Now signed to Harvest Records, there's something Best Coast have noticed after releasing their third album, 'California Nights'. 'It feels like a more confident version of Best Coast,' says frontwoman Bethany Cosentino. Best Coast visited The Current for an in-studio session to play some songs and talk about the new record.
The DMA's stopped by The Current to record an in-studio session after a show in First Avenue's 7th St. Entry and to chat with host Bill DeVille about their self-titled debut EP that recently released.
Each day during Minnesota Public Radio's Spring Member Drive, The Current will highlight a different artist who has made a significant contribution to the music world and a lasting impression on the music we listen to today. We call them Musicheads Essential Artists, and today we're highlighting Chuck Berry.
Dave Wakeling of the English Beat dropped by The Current's studio for a live chat with Bill DeVille. Wakeling described how he first discovered ska in the soccer stadiums of England, and he likens the changes in his band's lineup to putting together a good soccer team as he grows the sound of the English Beat as a global franchise. Wakeling also plays an impromptu acoustic version of 'Save it for Later'.
Death Cab for Cutie's Ben Gibbard stopped by The Current to record a stripped-down session before a sold out show at Northrop in support of their new album, <em>Kintsugi</em>, a nod to the Japanese technique of repairing broken ceramics with gold.
After decompressing in his home state of Michigan, Ben Schneider convinced his childhood bandmates to move to Los Angeles to record music. Together they are Lord Huron. The band stopped by The Current studio to perform live in-studio before a sold out show in First Avenue's mainroom.
Ahead of a gig at St. Paul's Fitzgerald Theater, Seth Avett and Jessica Lea Mayfield stopped by The Current studio to chat with host Bill DeVille and to perform tracks off their Elliott Smith covers album.
As we prepare to "spring ahead" into Daylight Saving Time, Bill DeVille and Mac Wilson are spinning tunes about time for Saturday's Honey Do. Taking a tip from the 9:30 Coffee Break, what songs about time do you want to hear? Make your request, and be sure to listen to Bill and Mac on Saturday from 10 a.m. to 7 p.m.
On tour supporting their new album, 'The Phosphorescent Blues', Punch Brothers stopped in to The Current to play some songs and to chat with Bill DeVille. Somewhat inadvertently, the album turned out to have a lot to say about smartphone technology. 'It's just trying to recognize that [the smartphone] has changed everything, and we have to figure out a way to make it work for us and not the other way around,' says lead singer and mandolin player Chris Thile.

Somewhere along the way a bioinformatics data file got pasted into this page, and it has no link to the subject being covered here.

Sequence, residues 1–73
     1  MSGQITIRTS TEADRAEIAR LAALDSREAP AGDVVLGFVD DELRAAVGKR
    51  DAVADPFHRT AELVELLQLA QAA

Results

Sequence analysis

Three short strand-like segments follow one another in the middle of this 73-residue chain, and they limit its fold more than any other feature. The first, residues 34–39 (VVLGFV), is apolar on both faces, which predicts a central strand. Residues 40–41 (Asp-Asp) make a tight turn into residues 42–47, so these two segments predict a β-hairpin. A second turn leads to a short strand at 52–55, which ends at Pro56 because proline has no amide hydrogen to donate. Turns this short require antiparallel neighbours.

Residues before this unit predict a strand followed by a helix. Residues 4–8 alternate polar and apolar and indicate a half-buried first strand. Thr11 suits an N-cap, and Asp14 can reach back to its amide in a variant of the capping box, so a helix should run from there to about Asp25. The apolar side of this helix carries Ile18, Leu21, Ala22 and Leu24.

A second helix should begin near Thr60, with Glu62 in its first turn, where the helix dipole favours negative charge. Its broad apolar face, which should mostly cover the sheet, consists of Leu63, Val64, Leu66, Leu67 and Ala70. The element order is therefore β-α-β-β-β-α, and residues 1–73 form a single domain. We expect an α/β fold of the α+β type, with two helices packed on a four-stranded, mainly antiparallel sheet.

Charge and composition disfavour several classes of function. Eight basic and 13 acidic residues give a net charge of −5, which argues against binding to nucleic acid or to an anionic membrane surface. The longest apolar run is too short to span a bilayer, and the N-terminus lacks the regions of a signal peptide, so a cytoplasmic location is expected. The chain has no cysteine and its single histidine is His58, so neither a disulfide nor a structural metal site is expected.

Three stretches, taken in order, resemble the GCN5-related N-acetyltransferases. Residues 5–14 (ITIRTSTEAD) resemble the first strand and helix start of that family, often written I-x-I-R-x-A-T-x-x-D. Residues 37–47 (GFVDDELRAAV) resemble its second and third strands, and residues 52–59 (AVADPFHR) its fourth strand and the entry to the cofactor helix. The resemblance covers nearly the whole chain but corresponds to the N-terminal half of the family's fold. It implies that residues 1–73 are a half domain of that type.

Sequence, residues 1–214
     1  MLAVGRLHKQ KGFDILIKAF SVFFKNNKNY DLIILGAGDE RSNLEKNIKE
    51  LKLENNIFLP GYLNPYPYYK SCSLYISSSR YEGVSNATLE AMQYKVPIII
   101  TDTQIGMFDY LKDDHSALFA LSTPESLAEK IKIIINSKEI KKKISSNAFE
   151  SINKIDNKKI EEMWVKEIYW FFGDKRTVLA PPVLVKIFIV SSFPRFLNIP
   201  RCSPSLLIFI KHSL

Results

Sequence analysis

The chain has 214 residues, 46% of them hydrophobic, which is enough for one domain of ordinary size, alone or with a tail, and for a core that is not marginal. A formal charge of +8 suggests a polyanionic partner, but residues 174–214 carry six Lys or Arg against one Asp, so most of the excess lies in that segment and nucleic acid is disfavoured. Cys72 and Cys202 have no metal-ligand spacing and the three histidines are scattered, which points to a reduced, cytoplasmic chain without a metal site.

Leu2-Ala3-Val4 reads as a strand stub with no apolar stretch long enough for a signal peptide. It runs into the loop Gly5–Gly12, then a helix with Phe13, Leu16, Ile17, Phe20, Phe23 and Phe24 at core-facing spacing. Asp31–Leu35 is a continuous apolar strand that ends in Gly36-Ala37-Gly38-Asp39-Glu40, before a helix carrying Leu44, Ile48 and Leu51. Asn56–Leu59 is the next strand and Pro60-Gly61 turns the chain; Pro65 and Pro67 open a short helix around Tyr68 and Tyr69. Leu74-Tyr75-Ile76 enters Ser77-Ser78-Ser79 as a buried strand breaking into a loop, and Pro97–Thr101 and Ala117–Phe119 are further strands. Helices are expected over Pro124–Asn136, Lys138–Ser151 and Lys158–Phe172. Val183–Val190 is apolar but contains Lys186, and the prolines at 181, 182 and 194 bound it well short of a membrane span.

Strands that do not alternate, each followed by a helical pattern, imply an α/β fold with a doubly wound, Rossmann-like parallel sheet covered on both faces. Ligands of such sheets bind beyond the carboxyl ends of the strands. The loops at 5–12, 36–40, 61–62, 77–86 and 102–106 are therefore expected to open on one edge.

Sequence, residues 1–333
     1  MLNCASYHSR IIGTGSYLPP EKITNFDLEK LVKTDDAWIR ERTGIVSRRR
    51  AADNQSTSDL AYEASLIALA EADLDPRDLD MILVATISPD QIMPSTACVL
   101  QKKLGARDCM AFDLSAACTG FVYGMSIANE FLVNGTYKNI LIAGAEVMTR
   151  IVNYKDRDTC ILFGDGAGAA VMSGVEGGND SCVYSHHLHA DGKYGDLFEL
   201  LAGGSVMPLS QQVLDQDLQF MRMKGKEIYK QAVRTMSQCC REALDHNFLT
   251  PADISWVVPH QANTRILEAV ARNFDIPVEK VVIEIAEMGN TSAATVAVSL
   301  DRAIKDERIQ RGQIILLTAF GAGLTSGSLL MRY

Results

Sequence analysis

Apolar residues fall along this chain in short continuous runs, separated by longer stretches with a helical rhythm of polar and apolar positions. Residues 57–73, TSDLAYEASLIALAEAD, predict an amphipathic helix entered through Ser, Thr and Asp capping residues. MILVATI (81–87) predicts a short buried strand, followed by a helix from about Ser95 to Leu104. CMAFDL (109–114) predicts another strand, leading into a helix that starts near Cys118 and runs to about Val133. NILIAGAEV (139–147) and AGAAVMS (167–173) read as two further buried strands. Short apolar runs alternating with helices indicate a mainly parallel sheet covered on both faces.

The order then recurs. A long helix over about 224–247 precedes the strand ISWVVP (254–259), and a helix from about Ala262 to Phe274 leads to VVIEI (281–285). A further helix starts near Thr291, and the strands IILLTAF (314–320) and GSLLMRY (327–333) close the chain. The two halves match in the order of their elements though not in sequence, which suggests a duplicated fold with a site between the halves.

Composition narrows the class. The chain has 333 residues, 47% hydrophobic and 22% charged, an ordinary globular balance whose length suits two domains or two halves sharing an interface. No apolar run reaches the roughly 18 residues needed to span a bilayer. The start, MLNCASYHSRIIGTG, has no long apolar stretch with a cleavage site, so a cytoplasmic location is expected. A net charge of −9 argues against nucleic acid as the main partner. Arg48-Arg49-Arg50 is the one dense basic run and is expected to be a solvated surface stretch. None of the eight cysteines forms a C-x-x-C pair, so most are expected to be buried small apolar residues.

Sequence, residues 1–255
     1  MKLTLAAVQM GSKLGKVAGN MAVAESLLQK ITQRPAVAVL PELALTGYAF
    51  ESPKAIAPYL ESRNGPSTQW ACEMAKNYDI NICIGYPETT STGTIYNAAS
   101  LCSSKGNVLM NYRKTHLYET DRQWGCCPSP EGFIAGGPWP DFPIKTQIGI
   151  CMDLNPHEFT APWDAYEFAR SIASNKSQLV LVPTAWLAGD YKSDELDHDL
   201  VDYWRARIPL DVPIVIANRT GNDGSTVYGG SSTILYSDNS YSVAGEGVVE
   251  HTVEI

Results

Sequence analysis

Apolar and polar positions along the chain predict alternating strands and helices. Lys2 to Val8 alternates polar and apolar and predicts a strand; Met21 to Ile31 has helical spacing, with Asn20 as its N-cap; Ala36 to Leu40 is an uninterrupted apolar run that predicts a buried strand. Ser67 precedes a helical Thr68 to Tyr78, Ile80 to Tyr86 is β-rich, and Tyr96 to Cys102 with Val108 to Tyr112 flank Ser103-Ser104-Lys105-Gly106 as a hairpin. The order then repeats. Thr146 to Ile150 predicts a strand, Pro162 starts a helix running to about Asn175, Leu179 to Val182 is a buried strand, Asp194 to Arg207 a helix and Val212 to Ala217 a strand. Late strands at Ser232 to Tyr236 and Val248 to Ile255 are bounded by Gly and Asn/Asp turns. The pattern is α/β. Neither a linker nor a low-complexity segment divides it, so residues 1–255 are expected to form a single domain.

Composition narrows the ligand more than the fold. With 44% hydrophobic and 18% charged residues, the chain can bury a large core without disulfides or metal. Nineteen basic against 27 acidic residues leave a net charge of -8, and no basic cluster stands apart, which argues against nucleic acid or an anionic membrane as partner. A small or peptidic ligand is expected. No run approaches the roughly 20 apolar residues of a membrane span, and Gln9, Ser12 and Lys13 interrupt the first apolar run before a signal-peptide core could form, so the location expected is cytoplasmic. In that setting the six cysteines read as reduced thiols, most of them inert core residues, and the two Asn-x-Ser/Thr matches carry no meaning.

Brandi Carlile, along with her musical collaborators Tim and Phil Hanseroth, have released what might be Brandi's most rockin' album to date. Read Bill DeVille's review.
As part of our #Current10 celebrations, many of the staff at The Current are sharing their favorite memories. DJ Bill DeVille shares some of his favorite recollections, noting one of them "is just doing a live radio every weekend. I never take it for granted."
It was bright and early to come in to see Bill DeVille in The Current's studio, but Shakey Graves was happy to do it. On only his second time in the Twin Cities, Graves had sold out the Cedar Cultural Center the night before. "I had so much fun," Graves says. "It was a really wonderful crowd." Graves chatted with DeVille and even performed an on-the-fly, standup version of the song, "Call It Heaven."
Yesterday we were saddened to learn of the death of multitalented music great Ian McLagan at age 69. In memory and tribute, Bill DeVille presents ten songs featuring McLagan.
alt-J hits #1 on this week's Chart with "Left Hand Free"; locals Lizzo and Caroline Smith have reached the Chart Show Hall of Fame promise land; and Jenny Lewis climbs 11 spots to #8 with "She's Not Me."
T-Bone Burnett received a gift from Bob Dylan, out of the blue: a scrapbook of lyrics written forty-something years ago but never set to music. Burnett assembled a supergroup of artists and recorded the tunes at Capitol Records in Hollywood, and the resulting album largely succeeds. Even Bob Dylan's cast-off ideas make really good songs.